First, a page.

Derek: Fair Chance Learning donated several “maker kits” which included a micro:bit, alligator clips, additional sensors, and stickers for either teacher or student to get started with coding and STEAM based applications.  It’s a great prize for anyone who is either interested in learning to code or for those looking to move from a coding environment into a world of robotics and understand how they work.

Doug:  ECOO and those who were in attendance and won really appreciated the generosity.   

Respectively, your positions are “Director of Professional Development, #EdTechTeam” and “Director of Integrated STEAM Education with Fair Chance Learning”.  What do these positions involve?

Emily: My role is to connect educators to ideas and ideas to educators across Canada and the world.  Almost like a hub, I am able to share in person and online. There are some amazing things going on across Canada and I have the opportunity to make sure those stories are told and shared.  I have the opportunity to empower and inspire educators to jump in, try something new and take a risk in their classrooms, all while having the support of their students (or learning from/with their students!).  Learning alongside educators, we are able to discover and implement tools that work across platforms, devices, and that are best for the learning (technology-based or not!) – not just the latest, flashy tool!

Derek: Doug, our entire team jokes about this all the time.  There is not enough time or space to encapsulate what this role entails.  We struggle to tell our families what we do (I think they believe we’re making it up) but this is what is exciting about it.  In all honesty it’s a variety of things. We have the opportunity to create professional development for school boards throughout Canada, we work on creating digital resources for online use, we’ve recently partnered with several major organizations with the focus being to better equip both teachers and students with modern resources.  The thing I am most proud of however is that we get the opportunity to get to work directly with students. If you follow us online you will see where we go students aren’t far behind. Even at #ECOOcamp we had student support and this is what it is really about. Giving students a platform and a voice to share what they are doing. Fair Chance is really about empowering and inspiring kids, something our entire team is devoted to.  

Doug:  These director positions must also involve a great deal of travel and hotel stays.  Do you have any stories to share?

Emily: Yes, lots of stays in many different places.  Although there is not one story in particular, it is the stories that I get to learn from those who I meet.  Whether they are the stories of the educators we are learning with and coaching, or their students who help out, or those outside the realm of educator on the way there, their stories add the opportunity to learn something new, explore a different concept or work together to solve a challenge.

Derek: You’re right in that the travel can be extensive but it also allows us to connect with people we otherwise would never meet.  This isn’t overly exciting but in a short time frame I’ve had the opportunity to visit at least each province and territory (including Nunavut).  I mention this because it’s really given me a different perspective that goes far beyond teaching. I am far more aware of what challenges people from each region are subjected to and how we can help.  I am forever grateful for that opportunity.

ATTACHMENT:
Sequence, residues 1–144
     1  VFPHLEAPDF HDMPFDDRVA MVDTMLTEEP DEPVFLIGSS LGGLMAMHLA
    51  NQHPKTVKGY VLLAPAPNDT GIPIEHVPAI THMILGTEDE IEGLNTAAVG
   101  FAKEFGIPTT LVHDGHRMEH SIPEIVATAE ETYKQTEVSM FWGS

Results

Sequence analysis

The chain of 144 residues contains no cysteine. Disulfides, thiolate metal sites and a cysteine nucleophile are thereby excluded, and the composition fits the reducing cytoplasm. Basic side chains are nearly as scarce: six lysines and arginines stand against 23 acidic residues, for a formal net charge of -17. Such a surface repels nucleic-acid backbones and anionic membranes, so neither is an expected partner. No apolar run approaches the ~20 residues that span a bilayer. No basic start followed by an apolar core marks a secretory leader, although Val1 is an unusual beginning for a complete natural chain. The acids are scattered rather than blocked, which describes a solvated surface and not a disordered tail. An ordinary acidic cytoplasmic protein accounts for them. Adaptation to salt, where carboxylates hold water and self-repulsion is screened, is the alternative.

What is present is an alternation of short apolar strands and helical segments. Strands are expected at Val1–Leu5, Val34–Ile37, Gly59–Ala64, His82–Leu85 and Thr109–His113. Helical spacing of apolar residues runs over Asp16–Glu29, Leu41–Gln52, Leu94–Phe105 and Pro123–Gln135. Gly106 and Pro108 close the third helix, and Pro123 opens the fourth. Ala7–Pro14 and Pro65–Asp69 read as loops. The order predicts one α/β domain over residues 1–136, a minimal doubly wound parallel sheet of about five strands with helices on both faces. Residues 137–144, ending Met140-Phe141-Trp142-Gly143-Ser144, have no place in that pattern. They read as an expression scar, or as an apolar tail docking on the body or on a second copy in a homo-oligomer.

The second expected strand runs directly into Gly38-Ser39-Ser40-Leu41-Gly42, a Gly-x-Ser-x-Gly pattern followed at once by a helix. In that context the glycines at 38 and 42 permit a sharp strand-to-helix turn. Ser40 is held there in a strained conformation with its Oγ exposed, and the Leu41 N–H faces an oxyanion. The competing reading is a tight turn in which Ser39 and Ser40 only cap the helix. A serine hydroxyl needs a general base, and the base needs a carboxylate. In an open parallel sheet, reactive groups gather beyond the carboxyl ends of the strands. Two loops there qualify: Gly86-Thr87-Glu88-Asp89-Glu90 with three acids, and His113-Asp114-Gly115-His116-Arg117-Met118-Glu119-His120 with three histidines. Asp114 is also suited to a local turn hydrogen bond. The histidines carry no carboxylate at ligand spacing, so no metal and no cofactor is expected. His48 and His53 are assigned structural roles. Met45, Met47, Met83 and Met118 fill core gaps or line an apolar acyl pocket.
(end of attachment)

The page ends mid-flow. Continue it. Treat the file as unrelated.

On a personal note, one of my favourite trips was to Vancouver this year because I was able to bring both my wife and newborn son along with me.  We were heavily involved with IT4K12 but having them there was amazing and we even got to climb a few mountains.

Doug:  Before these positions, you had other jobs in education.  Can you describe them?

Emily: Prior to EdTechTeam Canada, I was in the classroom as a Math, Computer Science and English as a Second Language Teacher.  I taught Orangeville District Secondary School (Go Bears!) as well as other schools in UGDSB as I moved from Occasional Teacher, to LTO Teacher to Contract.  Before UGDSB, I had the opportunity to teach over in the UK for a year as a Maths and ICT teacher in Cleethorpes.

Derek: Prior to this opportunity with Fair Chance Learning I was a teacher at Stoneybrook PS in London Ontario with the Thames Valley District School Board (TVDSB).  Preceding that I worked within Engineering in various capacities. I also do work for Hacked Education which is a passion of mine.

Doug:  If I asked you to highlight one moment in your career, what would it be?

Emily: My highlight so far is when I had the chance to work with the English Language Learners at ODSS as that program was just getting off the ground running.  We had the chance of not only learning English (and boy did I learn too!) but also understanding the different cultures, traditions and values we all brought to the group.  We also practiced reading in English to our reading buddies who were enrolled the DD class at our school. Those relationships will be with us forever!

Derek: It is difficult to pick one moment that stands out the most. That being said my school surprised me on my birthday and every class went out in the hallway and clapped as I had to walk throughout to music only to arrive at a surprise awaiting me.  What was most special about this is that my students created something for me that is of personal importance and something I will always treasure. I was so proud of them for doing something beyond amazing for someone else. This really showed me the direct impact teachers can have.